Did you listen to Josephina Ragon when she worked tirelessly on changing the sexual assault guidelines in the summer of 2011? Did you listen to the student concerns during the spring of 2011 when another case of sexual assault was brought to the student body’s attention?

Obviously you were not listening or Anna would not have been silenced.

Are you listening now?

It is pathetic that it takes an article in the New York Times to get your attention. And it is even more pathetic that you tried to defend your actions in an email.

Instead of defending your actions, you need to apologize, not only to Anna but to the other nameless survivors who have graduated from William Smith, or are still attending. 39 people messaged Anna the day the article was released about how they were assaulted and never reported it. 39 women who did not get the help they needed because they were too scared of being ostracized, labeled, and discriminated against by not only the administration but by their peers.

We are waiting for your apology.

Connie Mandeville, WS ‘12


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The Personal is Political: Life in Social Service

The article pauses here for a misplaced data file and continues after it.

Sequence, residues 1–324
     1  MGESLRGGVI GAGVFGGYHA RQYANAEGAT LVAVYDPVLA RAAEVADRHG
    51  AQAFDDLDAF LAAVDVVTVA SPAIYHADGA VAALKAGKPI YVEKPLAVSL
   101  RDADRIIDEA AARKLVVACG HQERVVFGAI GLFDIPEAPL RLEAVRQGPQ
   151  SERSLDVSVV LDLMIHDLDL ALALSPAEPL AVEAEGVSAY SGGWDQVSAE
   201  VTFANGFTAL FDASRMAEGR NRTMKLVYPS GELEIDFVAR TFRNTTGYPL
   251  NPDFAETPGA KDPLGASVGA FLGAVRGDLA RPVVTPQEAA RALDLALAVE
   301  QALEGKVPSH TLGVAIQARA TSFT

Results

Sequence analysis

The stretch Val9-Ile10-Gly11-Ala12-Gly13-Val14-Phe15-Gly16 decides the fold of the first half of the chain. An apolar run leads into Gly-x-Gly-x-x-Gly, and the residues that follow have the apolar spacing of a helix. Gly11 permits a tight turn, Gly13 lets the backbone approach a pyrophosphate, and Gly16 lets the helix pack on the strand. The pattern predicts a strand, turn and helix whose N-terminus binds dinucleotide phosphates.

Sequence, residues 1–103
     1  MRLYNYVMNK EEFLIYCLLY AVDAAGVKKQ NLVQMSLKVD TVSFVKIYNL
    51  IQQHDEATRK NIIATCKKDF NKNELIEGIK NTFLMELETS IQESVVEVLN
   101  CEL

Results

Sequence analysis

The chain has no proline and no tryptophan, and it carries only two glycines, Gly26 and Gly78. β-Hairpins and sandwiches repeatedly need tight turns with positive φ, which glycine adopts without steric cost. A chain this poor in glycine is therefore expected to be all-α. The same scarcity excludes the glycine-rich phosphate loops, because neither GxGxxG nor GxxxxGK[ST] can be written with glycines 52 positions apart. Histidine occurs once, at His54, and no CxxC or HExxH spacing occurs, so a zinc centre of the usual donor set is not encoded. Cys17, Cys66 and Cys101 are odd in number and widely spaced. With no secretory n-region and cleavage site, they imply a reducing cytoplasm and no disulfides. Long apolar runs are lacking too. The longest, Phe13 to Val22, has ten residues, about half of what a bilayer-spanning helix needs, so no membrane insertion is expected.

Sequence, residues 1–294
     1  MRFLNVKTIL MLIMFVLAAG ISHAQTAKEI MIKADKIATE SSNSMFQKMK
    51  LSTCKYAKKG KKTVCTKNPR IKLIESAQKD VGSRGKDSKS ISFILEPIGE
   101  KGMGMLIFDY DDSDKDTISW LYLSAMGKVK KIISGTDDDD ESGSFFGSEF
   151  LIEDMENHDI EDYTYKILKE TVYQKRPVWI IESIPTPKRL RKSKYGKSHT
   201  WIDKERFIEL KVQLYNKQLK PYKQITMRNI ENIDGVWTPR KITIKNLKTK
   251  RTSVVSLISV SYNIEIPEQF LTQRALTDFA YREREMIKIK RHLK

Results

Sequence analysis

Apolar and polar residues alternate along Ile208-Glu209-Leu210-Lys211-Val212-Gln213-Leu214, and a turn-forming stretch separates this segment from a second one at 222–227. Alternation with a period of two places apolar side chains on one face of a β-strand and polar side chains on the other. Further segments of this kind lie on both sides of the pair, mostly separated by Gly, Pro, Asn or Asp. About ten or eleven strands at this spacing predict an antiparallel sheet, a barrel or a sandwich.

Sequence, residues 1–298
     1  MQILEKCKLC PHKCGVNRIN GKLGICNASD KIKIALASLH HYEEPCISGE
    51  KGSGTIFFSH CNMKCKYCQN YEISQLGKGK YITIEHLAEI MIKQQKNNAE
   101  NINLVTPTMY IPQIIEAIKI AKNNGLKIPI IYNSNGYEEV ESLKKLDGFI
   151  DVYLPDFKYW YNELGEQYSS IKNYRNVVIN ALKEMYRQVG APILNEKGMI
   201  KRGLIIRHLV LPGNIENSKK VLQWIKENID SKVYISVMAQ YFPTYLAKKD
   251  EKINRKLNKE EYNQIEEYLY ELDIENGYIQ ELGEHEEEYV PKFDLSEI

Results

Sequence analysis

Hello fellow bloggers! It has been a long time (as usual), but the life of a case worker never rests! 

I have been working at my job for 8 months now and it has taught me a lot about myself as a professional and as a person in society. Working in the foster care system is no walk in the park; it tests your mind and your spirit every day, but I am lucky to have such a strong, stable team who push me to keep moving forward. Foster Care also teaches you a lot about the systemic issues that occur within our (NYC) society. So many people say the system is broken, and in some instances they may be right, but sometimes it isn’t. If there is anything I have learned about working in foster care, it is that despite the circumstances that may arise, we are in control of our future; WE can take responsibility for our actions and learn from them. 

There is such a thin line between the personal and the political, especially when it comes to direct work/social service. We work directly with families and often times we are taught not to step over the line into personal territory. Now this is true, as a case worker, it is pertinent not to pass the boundaries, but sometimes it’s hard not to let your personal feelings get the best of you. I have worked with some of the best kids who have been dealt a bad hand in life, but when you pour your heart and soul into working with them, your desire to protect and advocate for them comes into full effect.